DMW stops deployment of first-time domestic helpers to Kuwait
MANILA, Philippines — The Department of Migrant Workers (DMW) has temporarily stopped processing applications of first-time Filipino domestic helpers bound for Kuwait.
This developed in light of the gruesome murder of Jullebee Ranara, the overseas Filipino worker (OFW) who was reportedly killed by the son of her Kuwaiti employer.
DMW chief Susan Ople said in a statement Wednesday that applications for household services in Kuwait will be suspended “until after significant reforms have been made resulting from upcoming bilateral talks with the said country.”
“Iyong mga baguhan, never before nag-work as kasambahays abroad or yung nag-work as kasambahays pero hindi sa Kuwait ay kailangan maghintay muna dahil nais tiyakin ng department na may mas maayos na monitoring at mas mabilis na response system in place bago sila tumungo doon,” she said.
(The first-timers who had never worked as domestic helpers abroad before or those who worked as domestic helpers but not in Kuwait need to wait until the department can ensure that we can properly monitor and hasten the response system in place before they are deployed.)
Ople noted that the DMW has not yet resorted to imposing a total deployment ban, “because there are actual OFWs who have already worked in Kuwait for several years who still want to go back to their old employers or seek new ones.”
“We have also been informed through diplomatic channels of the willingness of the Kuwait government to engage in bilateral labor talks. We are preparing well in advance for these talks, bringing with us an accumulation of abuse done over the years, hence the need for significant changes,” she added.
‘Targeted’ deployment ban
DMW Undersecretary Anthonette Velasco-Alones first raised this move during an earlier hearing of the Senate committees on migrant workers and foreign relations on the case of Ranara’s brutal killing.
Senator Raffy Tulfo, who presided over the hearing, first lamented how Ople had shot down his recommendation to impose a deployment ban to Kuwait.
“I said I want a deployment ban, kinontra niya ako. I was only suggesting. I don’t know kung bakit mas pinapaboran niya iyong mga polisiyang para matulungan ang recruitment agency,” he said.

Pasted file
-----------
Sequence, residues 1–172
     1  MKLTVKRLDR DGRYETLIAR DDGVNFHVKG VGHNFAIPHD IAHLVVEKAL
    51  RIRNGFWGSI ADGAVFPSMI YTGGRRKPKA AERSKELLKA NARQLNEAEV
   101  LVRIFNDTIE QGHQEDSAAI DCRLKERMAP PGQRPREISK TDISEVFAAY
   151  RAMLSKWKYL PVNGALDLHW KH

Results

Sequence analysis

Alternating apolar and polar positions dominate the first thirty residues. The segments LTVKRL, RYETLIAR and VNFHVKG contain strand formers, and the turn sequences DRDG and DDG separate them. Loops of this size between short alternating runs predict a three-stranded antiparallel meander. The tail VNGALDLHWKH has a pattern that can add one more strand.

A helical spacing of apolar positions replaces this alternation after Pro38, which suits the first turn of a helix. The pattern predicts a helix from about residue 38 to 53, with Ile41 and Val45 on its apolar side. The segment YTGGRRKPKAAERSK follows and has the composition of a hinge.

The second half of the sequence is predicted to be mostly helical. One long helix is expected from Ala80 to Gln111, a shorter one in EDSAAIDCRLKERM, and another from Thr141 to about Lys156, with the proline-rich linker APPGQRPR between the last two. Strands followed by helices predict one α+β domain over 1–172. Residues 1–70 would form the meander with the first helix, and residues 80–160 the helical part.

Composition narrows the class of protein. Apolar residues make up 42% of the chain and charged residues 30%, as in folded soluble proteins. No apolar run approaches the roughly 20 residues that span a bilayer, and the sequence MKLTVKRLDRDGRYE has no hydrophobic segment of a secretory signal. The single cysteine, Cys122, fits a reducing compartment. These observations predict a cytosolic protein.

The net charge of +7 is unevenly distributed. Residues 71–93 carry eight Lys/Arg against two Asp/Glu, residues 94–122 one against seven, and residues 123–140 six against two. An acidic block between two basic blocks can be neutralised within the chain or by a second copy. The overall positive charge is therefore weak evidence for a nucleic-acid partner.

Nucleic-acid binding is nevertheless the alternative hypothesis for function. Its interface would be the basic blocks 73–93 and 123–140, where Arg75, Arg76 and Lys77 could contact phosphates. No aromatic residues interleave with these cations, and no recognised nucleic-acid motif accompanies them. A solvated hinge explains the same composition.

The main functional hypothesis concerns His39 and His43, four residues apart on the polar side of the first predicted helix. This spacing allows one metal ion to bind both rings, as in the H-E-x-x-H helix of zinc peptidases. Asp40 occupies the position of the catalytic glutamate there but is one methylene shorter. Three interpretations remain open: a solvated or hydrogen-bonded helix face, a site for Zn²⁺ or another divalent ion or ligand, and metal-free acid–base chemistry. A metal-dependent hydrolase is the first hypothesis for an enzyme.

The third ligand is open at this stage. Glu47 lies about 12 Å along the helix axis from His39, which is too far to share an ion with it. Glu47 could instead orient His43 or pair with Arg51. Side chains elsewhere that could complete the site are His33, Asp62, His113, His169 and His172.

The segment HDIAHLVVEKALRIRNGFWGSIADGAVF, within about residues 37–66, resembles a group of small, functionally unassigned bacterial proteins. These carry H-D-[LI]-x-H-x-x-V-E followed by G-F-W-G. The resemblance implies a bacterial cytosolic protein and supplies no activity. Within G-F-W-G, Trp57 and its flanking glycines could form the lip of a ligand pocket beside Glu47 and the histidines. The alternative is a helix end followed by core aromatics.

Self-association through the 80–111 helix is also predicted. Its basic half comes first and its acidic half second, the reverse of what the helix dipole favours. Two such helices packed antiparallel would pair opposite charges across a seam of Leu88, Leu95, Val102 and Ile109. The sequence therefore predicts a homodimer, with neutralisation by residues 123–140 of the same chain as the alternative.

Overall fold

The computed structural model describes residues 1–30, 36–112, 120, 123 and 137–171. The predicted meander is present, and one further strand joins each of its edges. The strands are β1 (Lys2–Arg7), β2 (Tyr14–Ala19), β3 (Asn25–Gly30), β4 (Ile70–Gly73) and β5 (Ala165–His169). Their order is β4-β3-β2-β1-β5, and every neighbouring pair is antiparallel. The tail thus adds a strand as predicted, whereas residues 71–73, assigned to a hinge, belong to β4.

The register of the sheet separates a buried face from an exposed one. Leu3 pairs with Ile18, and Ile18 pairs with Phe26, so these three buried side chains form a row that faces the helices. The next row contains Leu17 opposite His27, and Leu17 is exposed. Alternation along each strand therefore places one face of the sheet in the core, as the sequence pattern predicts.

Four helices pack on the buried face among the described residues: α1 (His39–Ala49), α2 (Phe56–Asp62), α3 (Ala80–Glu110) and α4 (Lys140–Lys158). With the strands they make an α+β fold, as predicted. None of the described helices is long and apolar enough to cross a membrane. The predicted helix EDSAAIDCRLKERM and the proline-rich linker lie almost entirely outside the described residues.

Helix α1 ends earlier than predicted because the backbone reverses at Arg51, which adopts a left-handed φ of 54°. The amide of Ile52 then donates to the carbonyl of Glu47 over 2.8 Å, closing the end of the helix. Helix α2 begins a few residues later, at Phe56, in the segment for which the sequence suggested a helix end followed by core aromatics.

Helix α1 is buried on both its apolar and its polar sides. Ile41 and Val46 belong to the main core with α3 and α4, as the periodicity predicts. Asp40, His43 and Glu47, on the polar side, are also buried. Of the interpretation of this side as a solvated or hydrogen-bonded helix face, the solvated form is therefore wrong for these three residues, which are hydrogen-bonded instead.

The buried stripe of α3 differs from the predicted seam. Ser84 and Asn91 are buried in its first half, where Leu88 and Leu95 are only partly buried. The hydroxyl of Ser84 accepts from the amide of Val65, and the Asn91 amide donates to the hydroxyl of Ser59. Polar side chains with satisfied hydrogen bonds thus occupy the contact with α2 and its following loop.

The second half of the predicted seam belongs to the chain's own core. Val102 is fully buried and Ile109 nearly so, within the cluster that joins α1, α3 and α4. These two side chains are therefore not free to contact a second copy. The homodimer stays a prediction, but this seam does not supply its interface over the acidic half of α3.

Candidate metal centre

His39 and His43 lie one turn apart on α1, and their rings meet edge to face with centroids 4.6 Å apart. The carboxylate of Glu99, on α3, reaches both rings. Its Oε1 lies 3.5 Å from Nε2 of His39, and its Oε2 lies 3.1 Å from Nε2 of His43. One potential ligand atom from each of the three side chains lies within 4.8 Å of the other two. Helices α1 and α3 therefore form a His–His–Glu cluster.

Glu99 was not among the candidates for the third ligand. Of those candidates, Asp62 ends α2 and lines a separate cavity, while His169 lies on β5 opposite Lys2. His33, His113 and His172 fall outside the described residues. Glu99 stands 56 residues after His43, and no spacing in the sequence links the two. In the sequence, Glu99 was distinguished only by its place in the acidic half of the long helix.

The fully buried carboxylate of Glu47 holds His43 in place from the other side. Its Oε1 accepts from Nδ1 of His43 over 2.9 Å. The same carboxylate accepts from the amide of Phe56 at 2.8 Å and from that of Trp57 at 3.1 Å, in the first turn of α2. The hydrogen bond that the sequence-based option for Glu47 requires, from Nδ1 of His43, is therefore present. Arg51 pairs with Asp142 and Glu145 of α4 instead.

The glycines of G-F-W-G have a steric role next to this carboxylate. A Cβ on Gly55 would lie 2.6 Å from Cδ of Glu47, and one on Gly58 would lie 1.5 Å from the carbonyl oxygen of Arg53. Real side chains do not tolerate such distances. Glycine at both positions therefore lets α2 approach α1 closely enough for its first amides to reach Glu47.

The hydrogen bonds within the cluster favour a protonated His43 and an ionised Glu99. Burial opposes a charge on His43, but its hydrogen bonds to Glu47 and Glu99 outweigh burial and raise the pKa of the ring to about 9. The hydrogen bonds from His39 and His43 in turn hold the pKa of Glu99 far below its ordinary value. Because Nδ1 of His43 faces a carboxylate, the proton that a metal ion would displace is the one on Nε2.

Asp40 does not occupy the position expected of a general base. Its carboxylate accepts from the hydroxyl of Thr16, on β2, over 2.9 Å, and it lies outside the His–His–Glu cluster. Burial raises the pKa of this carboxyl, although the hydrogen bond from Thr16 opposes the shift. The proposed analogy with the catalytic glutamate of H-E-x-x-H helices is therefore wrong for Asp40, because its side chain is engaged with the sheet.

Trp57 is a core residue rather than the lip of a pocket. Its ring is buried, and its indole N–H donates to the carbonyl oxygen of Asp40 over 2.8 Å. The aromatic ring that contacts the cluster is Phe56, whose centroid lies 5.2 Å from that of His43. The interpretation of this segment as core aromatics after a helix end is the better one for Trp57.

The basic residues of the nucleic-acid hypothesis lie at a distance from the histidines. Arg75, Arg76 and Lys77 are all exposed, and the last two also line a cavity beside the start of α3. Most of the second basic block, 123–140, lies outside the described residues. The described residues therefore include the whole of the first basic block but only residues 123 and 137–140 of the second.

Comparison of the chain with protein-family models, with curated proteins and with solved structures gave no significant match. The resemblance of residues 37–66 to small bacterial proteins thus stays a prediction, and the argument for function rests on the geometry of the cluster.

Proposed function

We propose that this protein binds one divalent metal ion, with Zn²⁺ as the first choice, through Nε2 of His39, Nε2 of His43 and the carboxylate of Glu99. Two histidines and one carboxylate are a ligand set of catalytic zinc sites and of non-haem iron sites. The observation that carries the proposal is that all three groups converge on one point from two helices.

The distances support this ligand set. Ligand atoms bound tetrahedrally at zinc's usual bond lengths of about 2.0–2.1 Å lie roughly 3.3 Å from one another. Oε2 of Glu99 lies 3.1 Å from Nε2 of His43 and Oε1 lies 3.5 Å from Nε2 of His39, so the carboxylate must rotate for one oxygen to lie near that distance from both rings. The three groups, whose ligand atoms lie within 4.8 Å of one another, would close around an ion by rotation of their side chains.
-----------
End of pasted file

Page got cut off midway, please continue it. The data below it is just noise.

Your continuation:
(I said I want a deployment ban, she opposed me. I was only suggesting. I don’t know why she’s favoring the policies that will help recruitment agencies.)
READ: Refusal to issue deployment ban to Kuwait not a ‘sign of weakness’ — DMW
But according to Alones, Ople did not oppose the possibility of imposing a deployment ban, noting that a fact-finding team was sent to Kuwait on Tuesday, February 7, to gather information from the ground that will help create evidence-based labor policies concerning OFWs.
Tulfo then asked who the DMW could be protecting with its hesitant stance on the deployment ban, citing the increasing OFW welfare cases in the middle eastern country.
“Kumbinsido kami roon sa risk na hinaharap ng ating domestic workers. Linawin ko lang, actually, bukas si Sec. Toots at suportado niya ang panukala niyo na mag-impose ng targeted [deployment] ban,” Alones said.
(We are convinced about the risks that our domestic workers are facing. I just want to clarify, actually, Sec. Toots is open and supports your proposal to impose a targeted deployment ban.)
She said this will call for a temporary halt on the processing of new Kuwait-bound OFW household workers, while the Philippine government is seeking to review and discuss its labor agreement with the Gulf State.
“Iyong bulto ng ating mga problema na nagkakaroon ng pagmamaltrato ay nandoon sa mga new hire na umaalis. Kaya ang sabi ni Sec. Toots, in the immediate, ito ay ating i-ban muna habang may pag-uusap na nagaganap. Iyong aming panukala ay magkaroon ng deferment ng pag-process ng mga new hire for Kuwait, particularly for household workers, para immediately ma-address natin ito,” Alones said.
(The bulk of our problems on OFW maltreatment are on new hires. That’s why Sec. Toots said she is seeking an immediate ban while the talks are ongoing. Our proposal is to defer the processing of new hires for Kuwait, particularly for household workers, to immediately address this.)
Tulfo then asked if this was “tantamount to a deployment ban,” to which Alones responded in the affirmative.
The neophyte senator had also broached the idea of forming an association for OFW employers and a separate association for OFWs, which would regularly hold dialogue on their concerns.
The heinous murder of Ranara fueled clamor to reimpose a deployment ban for OFWs to Kuwait, but Ople said that she does not see the need for such as she argued that “social dialogue” is the “all-important first step in resolving labor migration concerns.”
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